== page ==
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Kathy Panagopouloskathy.panagopoulos@morningstar.com
Morningstar Reviews 'Guaranteed' Investments to Determine If They Can Be Both Safe and Smart

CHICAGO, Sep 12, 2002 – In response to gut-wrenching market declines, mutual fund companies have been launching investment products that guarantee the original investment, so investors won't lose money. The September issue of Morningstar® FundInvestorTM, a monthly newsletter for individual investors, highlights the benefits and drawbacks of two guaranteed products: Stable-value funds and principal-protection funds. 

In his article "Is a Safe Investment Also a Smart Investment?," mutual fund analyst Brian Portnoy helps investors understand the intricacies of both investments and compares stable-value funds to principal-protection funds.

"Our concern is that investors are fleeing to guaranteed funds out of panic rather than matching investment goals with appropriate securities," Portnoy said. "Stable-value funds can make sense, but principal-protection funds are largely folly." He concludes that principal-protection funds are expensive, confusing, and inappropriate for investors with long-term financial goals.

Some key features of stable-value funds and principal-protection funds include:

Stable-Value Funds: Better Than Cash (Maybe) 

  • Guarantee the principal investment and maintain a stable net asset value (NAV).  
  • Are similar to a money-market fund because the NAV never fluctuates, but they aim to deliver a slightly higher return.   
  • Typically own short-to-intermediate-maturity bonds spread across different sectors.   
  • Expensive fees can erode stable-value funds' potential advantage over most bond funds.  
  • Redemption fees, found on most stable-value funds, can make it difficult to move cash easily when better opportunities call.  
  • The private sector, not the government, guarantees the funds, so investors need to double-check who's insuring the fund.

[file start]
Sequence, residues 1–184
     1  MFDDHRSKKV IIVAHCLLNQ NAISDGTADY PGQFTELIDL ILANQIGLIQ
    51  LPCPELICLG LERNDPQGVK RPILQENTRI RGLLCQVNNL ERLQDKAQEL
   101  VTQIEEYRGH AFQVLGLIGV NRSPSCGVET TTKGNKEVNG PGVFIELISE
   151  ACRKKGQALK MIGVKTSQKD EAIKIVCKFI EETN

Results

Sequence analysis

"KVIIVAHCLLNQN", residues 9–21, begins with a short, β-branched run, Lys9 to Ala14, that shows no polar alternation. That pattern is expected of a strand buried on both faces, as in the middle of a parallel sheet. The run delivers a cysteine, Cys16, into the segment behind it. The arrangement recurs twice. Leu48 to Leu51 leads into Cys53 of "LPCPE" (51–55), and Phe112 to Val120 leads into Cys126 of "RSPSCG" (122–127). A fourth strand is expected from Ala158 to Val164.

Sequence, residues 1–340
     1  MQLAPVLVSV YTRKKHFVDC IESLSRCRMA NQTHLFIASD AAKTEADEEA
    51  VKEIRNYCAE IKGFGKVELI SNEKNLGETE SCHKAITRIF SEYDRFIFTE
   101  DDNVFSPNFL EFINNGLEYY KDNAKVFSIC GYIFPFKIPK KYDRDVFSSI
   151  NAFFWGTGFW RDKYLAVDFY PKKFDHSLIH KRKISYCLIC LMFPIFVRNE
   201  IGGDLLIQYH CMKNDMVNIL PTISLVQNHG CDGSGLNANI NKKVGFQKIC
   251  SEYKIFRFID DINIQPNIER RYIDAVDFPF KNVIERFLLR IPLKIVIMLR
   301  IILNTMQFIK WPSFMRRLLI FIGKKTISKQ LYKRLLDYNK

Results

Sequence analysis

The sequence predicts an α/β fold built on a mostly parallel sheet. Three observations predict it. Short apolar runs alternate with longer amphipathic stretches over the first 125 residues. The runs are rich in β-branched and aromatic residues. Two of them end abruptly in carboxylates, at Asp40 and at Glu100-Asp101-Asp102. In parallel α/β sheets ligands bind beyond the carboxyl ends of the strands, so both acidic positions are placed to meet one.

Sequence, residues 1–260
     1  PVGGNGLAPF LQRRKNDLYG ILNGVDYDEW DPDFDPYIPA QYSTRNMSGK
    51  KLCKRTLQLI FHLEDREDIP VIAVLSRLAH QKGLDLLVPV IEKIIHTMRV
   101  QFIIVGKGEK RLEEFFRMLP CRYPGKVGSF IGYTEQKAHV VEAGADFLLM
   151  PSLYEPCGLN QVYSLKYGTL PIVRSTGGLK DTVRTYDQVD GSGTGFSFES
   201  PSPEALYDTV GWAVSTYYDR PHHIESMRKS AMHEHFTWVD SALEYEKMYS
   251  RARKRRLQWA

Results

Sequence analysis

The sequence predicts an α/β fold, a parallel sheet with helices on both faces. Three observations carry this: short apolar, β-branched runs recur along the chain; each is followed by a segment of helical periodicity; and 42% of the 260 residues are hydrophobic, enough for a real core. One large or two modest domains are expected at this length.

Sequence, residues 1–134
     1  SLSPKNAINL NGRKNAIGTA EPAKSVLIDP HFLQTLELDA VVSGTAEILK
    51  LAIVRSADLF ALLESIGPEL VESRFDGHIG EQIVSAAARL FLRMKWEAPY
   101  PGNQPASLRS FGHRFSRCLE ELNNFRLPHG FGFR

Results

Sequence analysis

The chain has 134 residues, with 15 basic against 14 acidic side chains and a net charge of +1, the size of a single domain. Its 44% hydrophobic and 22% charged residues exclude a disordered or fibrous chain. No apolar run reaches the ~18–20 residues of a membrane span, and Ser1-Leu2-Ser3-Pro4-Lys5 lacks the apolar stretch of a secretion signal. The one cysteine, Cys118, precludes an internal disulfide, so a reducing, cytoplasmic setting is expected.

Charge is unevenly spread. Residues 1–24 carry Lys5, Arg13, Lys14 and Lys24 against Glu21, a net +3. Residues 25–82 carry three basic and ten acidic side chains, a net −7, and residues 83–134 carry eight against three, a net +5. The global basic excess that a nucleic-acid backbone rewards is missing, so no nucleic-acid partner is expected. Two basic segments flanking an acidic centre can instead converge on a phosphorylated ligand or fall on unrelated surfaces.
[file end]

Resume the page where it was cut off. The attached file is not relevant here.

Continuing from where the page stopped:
Principal-Protection Funds: Buyer Beware

  • Comprised of hybrid (stock and bond) portfolios with insurance that guarantees the principal after several years.  
  • Usually an "offering period" when investors can register, and then a "guarantee period" when everyone's money is invested on the same day and is locked away, typically for five or seven years.  
  • Weighted heavily toward bonds, sometimes entirely, creating limited upside.  
  • Expenses can be extremely high (climbing above 2 percent), especially relative to super-cheap government bond funds.   
  • The insurance company providing the guarantee can usurp asset-allocation duties if it thinks management is taking on too much risk.  
  • In its efforts to manage risk, funds can drop investment performance out of the equation.  
  • The prospectus can be annoyingly opaque.

About Morningstar, Inc.
Chicago-based Morningstar, Inc. is a global investment research firm, offering an extensive line of print, software, and Internet-based products and services for individuals, financial advisors, institutions, and the media. The company is a trusted source for investment information, data, and analysis of stocks, mutual funds, and exchange-traded funds.

For a copy of "Is a Safe Investment Also a Smart Investment?," or a complimentary subscription to Morningstar® FundInvestorTM, contact Kathy Habiger, Morningstar Corporate Communications, 312-696-6241 or kathy.habiger@morningstar.com.

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